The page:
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February 18, 2009

the "Millennial Generation and Politics" event

C-SPAN II broadcast yesterday's event at the New America Foundation. The video is here.

Neil Howe and Reena Nadler first present their broad overview of the Millennials as a poilitical generation. I then summarize our new study that argues that (a) where a generation begins politically affects its political orientation for decades to come, and (b) the Millennials are starting more liberal than any generation for at least 40 years. (The slides from our report are a lot easier to see in the PDF). At the end, I raise some cautions about viewing the Millennials as a homogeneous group or simply comparing the average young person today to the average young person of decades past. There are enormous social and political differences among Millennials.

Scott Keeter from the Pew Research Center then makes some very astute remarks about the papers and his organization's findings. Hans Riemer, who was Obama's Youth Director in the primaries, reminisces about the campaign. (By the way, I agree with Hans that young voters won Iowa for Obama and thereby determined the election.)

In the question-and-answer, Howe and I debate a little the question of whether working-class youth fit generalizations about the Millennials as coddled, risk-averse, optimistic, high achievers. I try to emphasize that working-class youth will participate if offered constructive opportunities. There's nothing wrong with them as people. The problem is that society offers them very few opportunities to serve, lead, or create. Implicit in this mild debate is a slight difference in theoretical orientation. I believe that people in general react similarly to opportunities, but that opportunities vary with time and with socioeconomic status. I don't think of the character of a generation as an important causal factor in history, but I do recognize that different cohorts have different formative opportunities. (And opportunities always vary for people who happen to be born at the same time.) As an example, I don't believe that my generation--Generation X--has failed to obtain political office because we always lacked intrinsic interest or commitment. Many of my Yale college classmates wanted political careers desperately. I think we lacked opportunity in an era of gerrymandered electoral districts and out-of-control campaign spending.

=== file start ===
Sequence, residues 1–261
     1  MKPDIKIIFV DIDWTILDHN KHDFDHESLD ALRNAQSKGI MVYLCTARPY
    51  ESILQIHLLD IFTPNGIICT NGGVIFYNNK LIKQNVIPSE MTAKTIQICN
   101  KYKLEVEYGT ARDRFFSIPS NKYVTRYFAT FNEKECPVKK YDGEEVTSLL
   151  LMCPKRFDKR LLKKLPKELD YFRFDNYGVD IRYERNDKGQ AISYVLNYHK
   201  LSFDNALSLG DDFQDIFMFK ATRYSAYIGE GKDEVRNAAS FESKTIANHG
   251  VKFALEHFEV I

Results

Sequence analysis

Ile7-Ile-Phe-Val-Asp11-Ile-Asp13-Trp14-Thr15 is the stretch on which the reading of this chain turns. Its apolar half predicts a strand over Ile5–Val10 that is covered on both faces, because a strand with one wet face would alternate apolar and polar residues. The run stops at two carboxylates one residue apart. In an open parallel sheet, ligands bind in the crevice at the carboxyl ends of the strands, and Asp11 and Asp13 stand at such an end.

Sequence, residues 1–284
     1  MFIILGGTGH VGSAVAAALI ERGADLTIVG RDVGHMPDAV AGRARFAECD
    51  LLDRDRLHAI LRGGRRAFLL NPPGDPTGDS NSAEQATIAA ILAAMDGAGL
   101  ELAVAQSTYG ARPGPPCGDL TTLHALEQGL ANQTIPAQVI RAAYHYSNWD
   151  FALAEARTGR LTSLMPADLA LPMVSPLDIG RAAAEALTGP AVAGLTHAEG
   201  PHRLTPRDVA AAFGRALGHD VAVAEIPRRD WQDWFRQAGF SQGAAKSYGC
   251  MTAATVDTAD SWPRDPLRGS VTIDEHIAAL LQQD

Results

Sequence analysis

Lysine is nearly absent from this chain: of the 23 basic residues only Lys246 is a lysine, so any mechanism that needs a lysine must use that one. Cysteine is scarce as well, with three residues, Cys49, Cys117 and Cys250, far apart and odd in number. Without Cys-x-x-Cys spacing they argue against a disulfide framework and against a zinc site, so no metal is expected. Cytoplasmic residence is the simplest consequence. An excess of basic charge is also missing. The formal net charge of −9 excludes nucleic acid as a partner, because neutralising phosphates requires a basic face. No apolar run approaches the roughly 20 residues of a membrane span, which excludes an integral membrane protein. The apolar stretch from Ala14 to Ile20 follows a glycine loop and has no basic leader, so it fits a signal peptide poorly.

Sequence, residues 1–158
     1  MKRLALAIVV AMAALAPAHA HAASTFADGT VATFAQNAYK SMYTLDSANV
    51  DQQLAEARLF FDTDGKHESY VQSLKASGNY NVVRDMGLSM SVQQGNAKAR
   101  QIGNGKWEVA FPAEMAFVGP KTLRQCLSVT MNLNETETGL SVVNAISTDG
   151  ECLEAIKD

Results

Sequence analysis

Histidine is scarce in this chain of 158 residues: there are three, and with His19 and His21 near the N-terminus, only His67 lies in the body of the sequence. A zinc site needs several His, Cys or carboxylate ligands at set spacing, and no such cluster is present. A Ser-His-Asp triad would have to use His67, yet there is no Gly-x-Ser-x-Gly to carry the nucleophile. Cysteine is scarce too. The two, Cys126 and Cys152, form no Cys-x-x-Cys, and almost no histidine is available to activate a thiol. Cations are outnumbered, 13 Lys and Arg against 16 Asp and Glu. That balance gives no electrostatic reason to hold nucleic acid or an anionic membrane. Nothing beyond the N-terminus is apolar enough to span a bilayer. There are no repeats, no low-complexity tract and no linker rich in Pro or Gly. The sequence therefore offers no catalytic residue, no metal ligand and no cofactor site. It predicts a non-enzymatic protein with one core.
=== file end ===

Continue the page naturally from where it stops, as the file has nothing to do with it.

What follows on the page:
February 18, 2009 10:17 PM | category: none


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